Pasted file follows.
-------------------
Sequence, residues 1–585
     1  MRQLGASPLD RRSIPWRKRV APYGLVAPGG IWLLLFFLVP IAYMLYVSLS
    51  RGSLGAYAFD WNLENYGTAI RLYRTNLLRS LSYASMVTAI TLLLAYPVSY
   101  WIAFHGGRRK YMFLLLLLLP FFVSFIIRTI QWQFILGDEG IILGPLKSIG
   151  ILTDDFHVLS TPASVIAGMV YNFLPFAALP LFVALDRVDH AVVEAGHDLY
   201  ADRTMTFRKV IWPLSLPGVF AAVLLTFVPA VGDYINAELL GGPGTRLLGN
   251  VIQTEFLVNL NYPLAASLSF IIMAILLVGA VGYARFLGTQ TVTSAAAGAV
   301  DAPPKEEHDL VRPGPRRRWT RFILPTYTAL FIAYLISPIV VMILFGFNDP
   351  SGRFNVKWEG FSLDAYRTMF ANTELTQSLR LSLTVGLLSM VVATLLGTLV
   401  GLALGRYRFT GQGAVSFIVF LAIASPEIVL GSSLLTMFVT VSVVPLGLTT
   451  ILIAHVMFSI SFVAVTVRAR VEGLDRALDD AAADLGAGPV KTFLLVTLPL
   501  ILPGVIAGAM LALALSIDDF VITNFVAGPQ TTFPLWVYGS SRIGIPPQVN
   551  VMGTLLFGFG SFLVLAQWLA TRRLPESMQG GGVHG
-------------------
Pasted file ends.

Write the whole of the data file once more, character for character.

Sequence, residues 1–585
     1  MRQLGASPLD RRSIPWRKRV APYGLVAPGG IWLLLFFLVP IAYMLYVSLS
    51  RGSLGAYAFD WNLENYGTAI RLYRTNLLRS LSYASMVTAI TLLLAYPVSY
   101  WIAFHGGRRK YMFLLLLLLP FFVSFIIRTI QWQFILGDEG IILGPLKSIG
   151  ILTDDFHVLS TPASVIAGMV YNFLPFAALP LFVALDRVDH AVVEAGHDLY
   201  ADRTMTFRKV IWPLSLPGVF AAVLLTFVPA VGDYINAELL GGPGTRLLGN
   251  VIQTEFLVNL NYPLAASLSF IIMAILLVGA VGYARFLGTQ TVTSAAAGAV
   301  DAPPKEEHDL VRPGPRRRWT RFILPTYTAL FIAYLISPIV VMILFGFNDP
   351  SGRFNVKWEG FSLDAYRTMF ANTELTQSLR LSLTVGLLSM VVATLLGTLV
   401  GLALGRYRFT GQGAVSFIVF LAIASPEIVL GSSLLTMFVT VSVVPLGLTT
   451  ILIAHVMFSI SFVAVTVRAR VEGLDRALDD AAADLGAGPV KTFLLVTLPL
   501  ILPGVIAGAM LALALSIDDF VITNFVAGPQ TTFPLWVYGS SRIGIPPQVN
   551  VMGTLLFGFG SFLVLAQWLA TRRLPESMQG GGVHG